The Host Range Test of P88 Mutants
The host ranges of P88, pro147 and P88 mutants (P88HR1, P88HR2, P88SD, P88SE, P88SH, P88SI, P88FA, and P88FB) were analyzed. After incubation at 37°C for 10 h, on the lawn of DE048, all the phages could form clear plaques; on the lawn of MC1061 and DH5a, phages pro147, P88HR2 and P88SH (730: leucine to isoleucine) could form clear plaques; on the lawn of BL21, phages pro147 and P88HR2 could form clear plaques; pro147 and P88HR2 had the same host ranges (Figure 8). P88, pro147 and all the P88 mutants could not infect DE048 when incubated at 28°C.
Electron micrographs showed that compared with those of the original P88, the head and the tail of the phage mutants with altered host ranges (P88HR2 and P88SH) and with no change in host range (P88HR1, P88SE, and P88FB) did not have visible differences (Figure 8).
We screened two P2-like coliphages, named P88 and pro147, and identified their corresponding host bacteria. Analysis of the key regions and sites that might determine receptor recognition showed that the host range of P88 was altered after replacing the hypervariable regions HR2 (amino acids 716–746) of the tail fiber protein of P88 with that of pro147; the host ranges of P88 with replacement of amino acid 730 (leucine) and 744 (glutamic acid) were changed after replacing six amino acids in HR2 with the corresponding amino acids of pro147. These results showed that, in P88, the tail fiber determined the receptor recognition; the region of amino acids 716–746 was important for receptor recognition; amino acids 730 (leucine) and 744 (glutamic acid) were the key amino acids of P88 that determine the host range.
Replacing regions of the tail fiber protein in P88 with those of pro147 changed the host range, which indicated that the corresponding regions of pro147 would determine its receptor recognition. Furthermore, the high homology of the tail fiber sequences in P2-like phages P88, pro147, P2 (NC_001895.1), and Wphi (005056.1) caused us to speculate that the corresponding parts in P2 and Wphi would also determine their receptor recognition specificity.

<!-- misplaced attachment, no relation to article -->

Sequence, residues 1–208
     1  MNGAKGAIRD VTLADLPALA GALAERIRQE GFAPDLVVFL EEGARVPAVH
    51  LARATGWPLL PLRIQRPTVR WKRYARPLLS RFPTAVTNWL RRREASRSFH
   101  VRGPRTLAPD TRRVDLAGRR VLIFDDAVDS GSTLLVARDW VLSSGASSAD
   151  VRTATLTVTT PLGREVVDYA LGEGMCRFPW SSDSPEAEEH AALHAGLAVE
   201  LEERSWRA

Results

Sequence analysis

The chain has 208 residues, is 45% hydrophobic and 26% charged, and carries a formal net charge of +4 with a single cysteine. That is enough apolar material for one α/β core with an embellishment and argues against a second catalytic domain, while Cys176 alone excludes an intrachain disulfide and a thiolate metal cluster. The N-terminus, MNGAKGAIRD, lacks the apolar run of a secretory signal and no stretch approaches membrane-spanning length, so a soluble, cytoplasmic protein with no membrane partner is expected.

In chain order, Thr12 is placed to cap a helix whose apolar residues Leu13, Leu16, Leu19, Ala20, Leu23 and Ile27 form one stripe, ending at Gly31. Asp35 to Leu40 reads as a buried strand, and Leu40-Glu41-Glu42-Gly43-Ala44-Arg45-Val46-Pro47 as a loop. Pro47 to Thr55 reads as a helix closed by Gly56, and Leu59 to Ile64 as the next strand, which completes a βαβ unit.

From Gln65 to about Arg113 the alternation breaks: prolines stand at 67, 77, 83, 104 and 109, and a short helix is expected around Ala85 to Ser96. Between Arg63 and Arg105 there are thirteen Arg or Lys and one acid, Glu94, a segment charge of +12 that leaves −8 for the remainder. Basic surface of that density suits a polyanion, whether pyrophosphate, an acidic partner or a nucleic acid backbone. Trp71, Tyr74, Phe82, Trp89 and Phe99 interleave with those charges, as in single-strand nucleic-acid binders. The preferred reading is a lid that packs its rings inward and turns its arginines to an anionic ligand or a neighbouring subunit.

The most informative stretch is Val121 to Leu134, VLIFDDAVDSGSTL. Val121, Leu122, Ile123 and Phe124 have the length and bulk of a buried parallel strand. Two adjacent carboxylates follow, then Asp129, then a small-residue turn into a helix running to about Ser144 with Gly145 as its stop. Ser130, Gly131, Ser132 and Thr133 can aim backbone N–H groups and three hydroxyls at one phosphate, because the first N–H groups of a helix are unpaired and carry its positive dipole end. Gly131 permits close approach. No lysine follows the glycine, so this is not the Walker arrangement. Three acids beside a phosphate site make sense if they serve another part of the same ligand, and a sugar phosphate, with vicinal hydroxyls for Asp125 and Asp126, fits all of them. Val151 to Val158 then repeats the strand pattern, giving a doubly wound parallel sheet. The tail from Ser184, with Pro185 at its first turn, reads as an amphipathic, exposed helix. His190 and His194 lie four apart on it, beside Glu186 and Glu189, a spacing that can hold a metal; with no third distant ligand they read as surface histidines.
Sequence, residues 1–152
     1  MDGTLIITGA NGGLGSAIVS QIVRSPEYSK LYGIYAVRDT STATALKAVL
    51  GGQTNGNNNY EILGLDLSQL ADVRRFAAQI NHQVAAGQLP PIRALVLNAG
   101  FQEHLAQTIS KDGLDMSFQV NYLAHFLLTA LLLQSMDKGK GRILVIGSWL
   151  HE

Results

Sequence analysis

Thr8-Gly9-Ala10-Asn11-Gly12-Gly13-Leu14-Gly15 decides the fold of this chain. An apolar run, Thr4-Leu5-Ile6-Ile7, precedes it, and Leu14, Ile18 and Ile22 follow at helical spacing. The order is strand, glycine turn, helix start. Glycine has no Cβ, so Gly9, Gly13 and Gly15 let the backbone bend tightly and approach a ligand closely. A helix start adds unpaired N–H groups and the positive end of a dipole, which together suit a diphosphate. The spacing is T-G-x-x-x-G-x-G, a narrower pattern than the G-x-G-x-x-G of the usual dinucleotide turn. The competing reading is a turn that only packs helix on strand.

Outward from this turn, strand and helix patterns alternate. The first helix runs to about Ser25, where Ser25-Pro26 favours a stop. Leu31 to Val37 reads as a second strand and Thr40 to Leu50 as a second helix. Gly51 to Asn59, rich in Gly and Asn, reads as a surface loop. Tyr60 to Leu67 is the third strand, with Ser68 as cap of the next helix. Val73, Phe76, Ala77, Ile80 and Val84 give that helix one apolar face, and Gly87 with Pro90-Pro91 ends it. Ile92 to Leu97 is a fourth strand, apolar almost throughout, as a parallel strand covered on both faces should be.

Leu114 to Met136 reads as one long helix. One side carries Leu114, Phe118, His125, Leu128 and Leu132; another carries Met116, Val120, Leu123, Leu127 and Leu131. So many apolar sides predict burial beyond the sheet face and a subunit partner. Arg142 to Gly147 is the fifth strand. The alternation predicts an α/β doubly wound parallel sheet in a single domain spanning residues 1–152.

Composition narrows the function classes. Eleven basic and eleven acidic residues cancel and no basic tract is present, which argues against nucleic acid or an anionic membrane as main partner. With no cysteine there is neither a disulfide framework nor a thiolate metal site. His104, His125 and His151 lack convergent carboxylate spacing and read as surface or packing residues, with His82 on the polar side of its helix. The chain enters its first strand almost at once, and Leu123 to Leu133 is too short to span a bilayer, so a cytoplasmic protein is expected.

For temperate phages, when the phage genome is modified by manipulating the bacterial genome, the mutant strains constructed could be confirmed by PCR and the prophage could then be introduced and characterized. If the phage genome was modified in the host cell when it was separated from the bacterial chromosome by homologous recombination with a homologous fragment in the form of plasmid or DNA fragment, like lytic phages (Yoichi et al., 2005; Mahichi et al., 2009; Thomason et al., 2009), a plaque assay was used to screen the mutant phages; however, the recombinant phage would not be selected without a sensitive host strain. Hence, to construct mutants of temperate phages, modifying the phage genome by manipulating the bacterial genome was preferred.